The first official role of the sponsor happens in the Rite of Acceptance into the Order of Catechumens. After the seekers have said what they are looking for from the church and have promised to follow the gospel way of faith, the presider turns to the sponsors and asks:
Sponsors, you now present these candidates to us; are you and all who are gathered here with us, ready to help these candidates find and follow Christ? (53)
It seems like such a simple question with an obvious answer. But as with all ritual questions, it is loaded with import. If a sponsor is going to answer authentically, they have to deeply understand their role as sponsor. The rite tells us:
Sponsors are persons who have known and assisted the candidates and stand as witnesses to the candidates’ moral character, faith, and intention. (10)
There are three important things a sponsor has to do here:
- Get to know the candidate
- Assist the candidate
- Stand up for the candidate as a witness
(Note that in this section of the rite, “candidate” means “candidate for baptism.” However, the principles also apply to baptized candidates for reception into full communion or baptized candidates for confirmation.)
Get to know the candidate
The “getting to know you” process between a seeker and a sponsor is a lot like anyone getting to know a new friend. But there is one important difference. The sponsor’s goal is to become a friend in faith. That means the sponsor has to be willing to open up about their own faith journey, their own struggles with remaining faithful to the gospel, their own joy that faith in Christ has given them. And it means the sponsor has to listen deeply to the seekers hopes and goals. The sponsor has to have an open, nonjudgmental attitude. As much as possible, the sponsor has to be an ambassador of Christ for the seeker.
Assist the candidate
The seeker is likely going to have a lot of questions. Some seekers might be anxious or worried about the initiation process. Many seekers worry that they won’t be able to “learn” enough to become Catholic. A key role of the sponsor is to be a rock of support for the seeker. Sponsors do not need to know the answer to every question the seeker has. They do not need to be experts in Catholic doctrine. They do not need to know what every step of the initiation process entails. Other members of the team can cover all of that. The most important thing a sponsor needs to do is literally and figuratively place a comforting hand on the seeker’s shoulder and assure them that everything is going to be just fine.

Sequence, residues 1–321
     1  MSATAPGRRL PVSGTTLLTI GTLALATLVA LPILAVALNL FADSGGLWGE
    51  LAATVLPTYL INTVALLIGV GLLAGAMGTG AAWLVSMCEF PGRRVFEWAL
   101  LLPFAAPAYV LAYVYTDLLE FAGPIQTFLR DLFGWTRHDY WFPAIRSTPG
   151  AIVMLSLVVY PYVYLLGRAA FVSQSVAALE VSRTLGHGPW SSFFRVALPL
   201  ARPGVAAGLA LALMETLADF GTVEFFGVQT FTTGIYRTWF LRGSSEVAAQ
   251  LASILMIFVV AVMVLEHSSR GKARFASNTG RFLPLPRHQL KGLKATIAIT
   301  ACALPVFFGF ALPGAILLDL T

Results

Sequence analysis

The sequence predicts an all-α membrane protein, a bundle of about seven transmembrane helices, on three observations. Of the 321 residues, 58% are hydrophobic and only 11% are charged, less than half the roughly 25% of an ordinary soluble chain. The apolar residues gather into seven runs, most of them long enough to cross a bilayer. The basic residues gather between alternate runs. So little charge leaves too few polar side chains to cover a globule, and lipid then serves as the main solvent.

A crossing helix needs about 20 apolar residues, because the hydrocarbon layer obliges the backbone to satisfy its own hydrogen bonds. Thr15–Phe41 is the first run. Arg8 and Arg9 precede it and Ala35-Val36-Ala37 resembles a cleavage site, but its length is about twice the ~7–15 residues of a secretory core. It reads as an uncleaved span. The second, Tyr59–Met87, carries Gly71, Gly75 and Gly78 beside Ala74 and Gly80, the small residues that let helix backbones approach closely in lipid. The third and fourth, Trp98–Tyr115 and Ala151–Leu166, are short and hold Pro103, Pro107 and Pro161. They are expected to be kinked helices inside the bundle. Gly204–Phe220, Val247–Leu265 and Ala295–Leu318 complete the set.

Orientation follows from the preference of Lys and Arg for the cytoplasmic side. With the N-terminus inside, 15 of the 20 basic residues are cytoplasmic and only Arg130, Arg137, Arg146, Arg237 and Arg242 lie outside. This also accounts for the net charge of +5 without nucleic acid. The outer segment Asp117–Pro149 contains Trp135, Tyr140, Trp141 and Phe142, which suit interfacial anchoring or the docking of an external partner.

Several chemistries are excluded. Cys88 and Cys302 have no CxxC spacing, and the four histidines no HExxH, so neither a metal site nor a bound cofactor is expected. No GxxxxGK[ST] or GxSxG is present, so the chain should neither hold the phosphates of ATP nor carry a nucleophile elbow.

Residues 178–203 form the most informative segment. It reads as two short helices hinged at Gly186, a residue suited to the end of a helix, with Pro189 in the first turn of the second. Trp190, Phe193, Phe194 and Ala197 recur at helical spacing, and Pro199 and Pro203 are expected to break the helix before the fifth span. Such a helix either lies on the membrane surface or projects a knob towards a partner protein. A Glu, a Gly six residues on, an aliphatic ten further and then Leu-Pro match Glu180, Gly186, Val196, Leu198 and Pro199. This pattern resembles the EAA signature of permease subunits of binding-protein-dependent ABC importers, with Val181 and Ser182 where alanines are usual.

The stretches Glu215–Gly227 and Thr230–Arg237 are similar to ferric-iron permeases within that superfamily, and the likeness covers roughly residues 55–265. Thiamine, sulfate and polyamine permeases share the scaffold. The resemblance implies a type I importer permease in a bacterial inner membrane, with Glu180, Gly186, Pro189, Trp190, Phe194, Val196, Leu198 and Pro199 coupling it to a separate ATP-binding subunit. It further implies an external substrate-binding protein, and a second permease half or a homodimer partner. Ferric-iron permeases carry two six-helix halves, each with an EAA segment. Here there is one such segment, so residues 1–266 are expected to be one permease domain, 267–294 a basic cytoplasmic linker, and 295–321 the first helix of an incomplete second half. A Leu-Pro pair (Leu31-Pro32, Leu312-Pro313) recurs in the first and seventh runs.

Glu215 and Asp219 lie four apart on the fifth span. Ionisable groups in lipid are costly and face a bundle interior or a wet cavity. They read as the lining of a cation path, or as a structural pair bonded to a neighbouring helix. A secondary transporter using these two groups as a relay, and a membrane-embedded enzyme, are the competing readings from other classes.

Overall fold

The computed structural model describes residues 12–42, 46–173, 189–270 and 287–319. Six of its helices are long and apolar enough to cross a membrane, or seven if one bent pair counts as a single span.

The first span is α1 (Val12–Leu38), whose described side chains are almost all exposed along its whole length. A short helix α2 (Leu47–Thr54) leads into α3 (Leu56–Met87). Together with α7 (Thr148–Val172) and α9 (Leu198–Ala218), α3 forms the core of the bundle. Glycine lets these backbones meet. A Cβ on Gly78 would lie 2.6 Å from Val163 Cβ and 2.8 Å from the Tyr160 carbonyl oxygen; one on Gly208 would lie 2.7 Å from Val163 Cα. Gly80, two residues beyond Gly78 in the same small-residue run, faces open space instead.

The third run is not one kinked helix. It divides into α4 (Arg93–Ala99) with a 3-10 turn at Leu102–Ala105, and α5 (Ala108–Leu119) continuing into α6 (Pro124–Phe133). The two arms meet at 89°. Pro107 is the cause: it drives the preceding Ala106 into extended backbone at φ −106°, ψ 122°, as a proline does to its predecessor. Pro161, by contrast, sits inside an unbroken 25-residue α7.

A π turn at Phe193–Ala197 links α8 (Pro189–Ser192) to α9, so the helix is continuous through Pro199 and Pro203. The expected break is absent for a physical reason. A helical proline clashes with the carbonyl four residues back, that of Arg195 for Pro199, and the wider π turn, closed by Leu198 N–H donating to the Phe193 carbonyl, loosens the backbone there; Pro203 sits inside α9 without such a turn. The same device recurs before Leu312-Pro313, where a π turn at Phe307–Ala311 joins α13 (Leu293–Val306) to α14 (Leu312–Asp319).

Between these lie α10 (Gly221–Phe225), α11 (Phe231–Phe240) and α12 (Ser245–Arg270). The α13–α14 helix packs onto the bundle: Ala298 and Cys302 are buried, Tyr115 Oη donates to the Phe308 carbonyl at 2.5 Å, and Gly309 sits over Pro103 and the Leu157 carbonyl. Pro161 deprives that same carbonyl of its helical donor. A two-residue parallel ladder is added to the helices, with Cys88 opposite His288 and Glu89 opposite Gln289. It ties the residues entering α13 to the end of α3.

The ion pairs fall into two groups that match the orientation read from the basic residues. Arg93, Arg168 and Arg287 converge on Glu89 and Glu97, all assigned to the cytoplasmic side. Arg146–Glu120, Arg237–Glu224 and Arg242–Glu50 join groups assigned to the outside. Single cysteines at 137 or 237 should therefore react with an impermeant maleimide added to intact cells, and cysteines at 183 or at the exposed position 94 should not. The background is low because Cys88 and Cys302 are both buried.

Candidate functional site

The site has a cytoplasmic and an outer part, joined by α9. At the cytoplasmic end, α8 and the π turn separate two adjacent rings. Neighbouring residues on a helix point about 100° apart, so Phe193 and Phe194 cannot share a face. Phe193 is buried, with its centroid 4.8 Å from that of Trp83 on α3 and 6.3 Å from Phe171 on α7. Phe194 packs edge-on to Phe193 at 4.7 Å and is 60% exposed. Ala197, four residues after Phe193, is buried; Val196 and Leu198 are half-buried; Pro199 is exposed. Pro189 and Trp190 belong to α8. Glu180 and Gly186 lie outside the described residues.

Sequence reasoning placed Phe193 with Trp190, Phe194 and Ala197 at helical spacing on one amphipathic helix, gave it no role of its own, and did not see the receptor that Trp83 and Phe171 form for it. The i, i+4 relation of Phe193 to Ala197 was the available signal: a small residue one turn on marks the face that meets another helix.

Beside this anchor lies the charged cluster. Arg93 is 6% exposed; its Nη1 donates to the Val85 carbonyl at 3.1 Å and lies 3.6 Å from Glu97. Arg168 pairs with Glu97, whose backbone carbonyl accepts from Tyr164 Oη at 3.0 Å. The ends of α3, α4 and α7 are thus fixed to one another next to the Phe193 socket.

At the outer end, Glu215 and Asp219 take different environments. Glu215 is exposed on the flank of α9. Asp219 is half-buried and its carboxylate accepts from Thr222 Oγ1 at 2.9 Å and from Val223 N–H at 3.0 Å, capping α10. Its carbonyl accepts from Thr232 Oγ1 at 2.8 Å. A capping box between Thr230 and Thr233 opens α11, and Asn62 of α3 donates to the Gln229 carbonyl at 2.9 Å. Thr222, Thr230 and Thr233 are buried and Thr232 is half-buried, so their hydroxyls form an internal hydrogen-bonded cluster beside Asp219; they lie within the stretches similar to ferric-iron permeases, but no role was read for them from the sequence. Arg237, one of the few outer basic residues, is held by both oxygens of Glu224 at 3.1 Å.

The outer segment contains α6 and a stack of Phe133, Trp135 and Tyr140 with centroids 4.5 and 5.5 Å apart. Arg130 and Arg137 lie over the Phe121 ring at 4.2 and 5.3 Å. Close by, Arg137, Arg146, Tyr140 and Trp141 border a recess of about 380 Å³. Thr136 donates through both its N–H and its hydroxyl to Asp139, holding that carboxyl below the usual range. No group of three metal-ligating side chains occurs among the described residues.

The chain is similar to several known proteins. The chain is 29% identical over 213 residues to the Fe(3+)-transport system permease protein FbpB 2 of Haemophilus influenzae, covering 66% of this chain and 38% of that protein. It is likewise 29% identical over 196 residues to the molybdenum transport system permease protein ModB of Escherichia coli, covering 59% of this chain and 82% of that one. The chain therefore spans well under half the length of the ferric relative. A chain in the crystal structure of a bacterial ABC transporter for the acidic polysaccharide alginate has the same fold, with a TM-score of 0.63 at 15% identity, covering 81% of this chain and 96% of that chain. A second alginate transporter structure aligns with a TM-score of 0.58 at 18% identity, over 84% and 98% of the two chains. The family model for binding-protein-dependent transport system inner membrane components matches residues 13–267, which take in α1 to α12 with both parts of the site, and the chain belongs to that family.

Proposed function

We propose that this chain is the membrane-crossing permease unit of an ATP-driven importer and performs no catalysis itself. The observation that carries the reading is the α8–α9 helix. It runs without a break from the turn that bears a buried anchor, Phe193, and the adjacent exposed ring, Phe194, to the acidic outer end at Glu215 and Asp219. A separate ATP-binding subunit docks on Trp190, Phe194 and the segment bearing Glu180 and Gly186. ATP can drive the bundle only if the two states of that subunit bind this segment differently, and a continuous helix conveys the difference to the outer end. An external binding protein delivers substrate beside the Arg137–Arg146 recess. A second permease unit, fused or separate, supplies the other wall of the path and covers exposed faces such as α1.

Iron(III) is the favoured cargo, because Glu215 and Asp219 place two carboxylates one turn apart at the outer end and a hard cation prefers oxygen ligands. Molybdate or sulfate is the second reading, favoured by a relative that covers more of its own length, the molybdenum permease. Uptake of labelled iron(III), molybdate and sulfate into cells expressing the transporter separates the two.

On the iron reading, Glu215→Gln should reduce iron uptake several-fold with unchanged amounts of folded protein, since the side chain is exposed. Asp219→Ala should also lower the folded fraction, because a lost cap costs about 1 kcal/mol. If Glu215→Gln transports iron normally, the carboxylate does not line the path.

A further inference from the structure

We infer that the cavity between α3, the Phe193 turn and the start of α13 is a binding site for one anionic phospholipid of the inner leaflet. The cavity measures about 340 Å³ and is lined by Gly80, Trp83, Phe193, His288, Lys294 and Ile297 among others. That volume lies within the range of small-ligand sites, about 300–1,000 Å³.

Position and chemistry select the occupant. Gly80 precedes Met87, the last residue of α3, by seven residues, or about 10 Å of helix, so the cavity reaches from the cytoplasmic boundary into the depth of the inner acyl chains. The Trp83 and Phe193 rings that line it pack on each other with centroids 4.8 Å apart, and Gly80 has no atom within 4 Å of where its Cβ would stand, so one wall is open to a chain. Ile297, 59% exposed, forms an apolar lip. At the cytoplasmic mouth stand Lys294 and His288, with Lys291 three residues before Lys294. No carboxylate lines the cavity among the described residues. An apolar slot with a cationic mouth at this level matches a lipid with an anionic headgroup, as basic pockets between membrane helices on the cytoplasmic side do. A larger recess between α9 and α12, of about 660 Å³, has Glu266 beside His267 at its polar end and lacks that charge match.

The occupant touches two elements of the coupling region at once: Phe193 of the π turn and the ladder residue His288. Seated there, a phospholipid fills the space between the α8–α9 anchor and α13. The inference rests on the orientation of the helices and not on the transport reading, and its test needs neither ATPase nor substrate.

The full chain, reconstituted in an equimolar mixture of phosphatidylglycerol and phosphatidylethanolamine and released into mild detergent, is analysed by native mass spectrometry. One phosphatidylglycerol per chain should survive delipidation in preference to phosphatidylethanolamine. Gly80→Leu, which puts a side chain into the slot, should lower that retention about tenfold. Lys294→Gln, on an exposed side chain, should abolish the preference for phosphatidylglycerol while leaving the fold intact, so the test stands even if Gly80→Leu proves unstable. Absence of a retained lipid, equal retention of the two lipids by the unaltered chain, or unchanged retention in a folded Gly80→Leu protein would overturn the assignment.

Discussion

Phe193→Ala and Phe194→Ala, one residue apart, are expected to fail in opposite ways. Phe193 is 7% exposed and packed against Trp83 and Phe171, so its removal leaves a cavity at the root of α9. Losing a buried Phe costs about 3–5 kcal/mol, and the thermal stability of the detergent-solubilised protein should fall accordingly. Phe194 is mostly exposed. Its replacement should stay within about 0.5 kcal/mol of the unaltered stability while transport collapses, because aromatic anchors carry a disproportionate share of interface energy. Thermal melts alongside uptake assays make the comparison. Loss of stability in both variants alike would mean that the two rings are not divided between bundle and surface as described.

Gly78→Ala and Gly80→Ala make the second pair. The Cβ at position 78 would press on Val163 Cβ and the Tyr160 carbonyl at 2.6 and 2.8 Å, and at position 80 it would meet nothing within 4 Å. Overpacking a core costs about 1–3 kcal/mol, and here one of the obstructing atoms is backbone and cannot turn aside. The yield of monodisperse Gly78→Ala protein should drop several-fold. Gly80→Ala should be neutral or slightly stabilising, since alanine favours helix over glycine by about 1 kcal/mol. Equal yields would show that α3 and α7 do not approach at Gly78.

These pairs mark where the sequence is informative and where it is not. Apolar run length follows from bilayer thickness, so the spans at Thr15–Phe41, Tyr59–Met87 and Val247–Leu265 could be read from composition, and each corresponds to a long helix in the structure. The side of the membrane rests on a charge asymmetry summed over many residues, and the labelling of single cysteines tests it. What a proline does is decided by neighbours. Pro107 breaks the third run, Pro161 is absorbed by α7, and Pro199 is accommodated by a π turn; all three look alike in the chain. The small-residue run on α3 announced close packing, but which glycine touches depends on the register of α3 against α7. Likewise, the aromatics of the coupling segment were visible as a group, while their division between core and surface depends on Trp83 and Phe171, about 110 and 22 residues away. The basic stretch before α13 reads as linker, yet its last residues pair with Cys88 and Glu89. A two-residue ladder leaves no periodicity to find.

Stand up for the candidate as a witness
At the Rite of Acceptance, when the sponsor answers “yes” to the presider’s question about helping the seeker find and follow Christ, they are also testifying to the candidate’s “moral character, faith, and intention.” The rite says:
Before the rite [of acceptance] is celebrated, therefore, sufficient and necessary time, as required in each case, should be set aside to evaluate and, if necessary, to purify the candidates’ motives and dispositions. With the help of the sponsors (see no.10), catechists, and deacons, parish priests (pastors) have the responsibility for judging the outward indications of such dispositions. (43; emphasis added)
Most potential sponsors recoil at this part of the job. They don’t feel qualified to judge the character of another person.
What is God – through the RCIA – asking of a seeker?
It helps if we remember we are not asked to judge the seeker’s worthiness. Only God can do that. What we are judging is the seeker’s intention for taking on the mission of the gospel. Any of us who have been in this ministry for very long know that sometimes seekers ask to become Catholic for motives other than the gospel. If we do not do our very best to evangelize them and help them know what it truly means to encounter Jesus in their lives, we are not fulfilling our own baptismal mission.
It also helps if we avoid using the word “judge” (even though it is in the rite) and instead use the word “discern.”
And it helps if we remind the sponsor that they are not alone in the discernment process. If the sponsor understands that they are one voice within a community of disciples that together is discerning the readiness of the seeker to follow the way of the Cross, more potential sponsors will be willing to take on this important ministry.
The role of the sponsor in the initiation process is crucial. We cannot fully know, assist, and testify to the readiness of each candidate without these important members of the team.
What does a great sponsor look like in your parish? How are they informed of their responsibilities? How do they feel about carrying out their tasks? Share your thoughts in the comments below.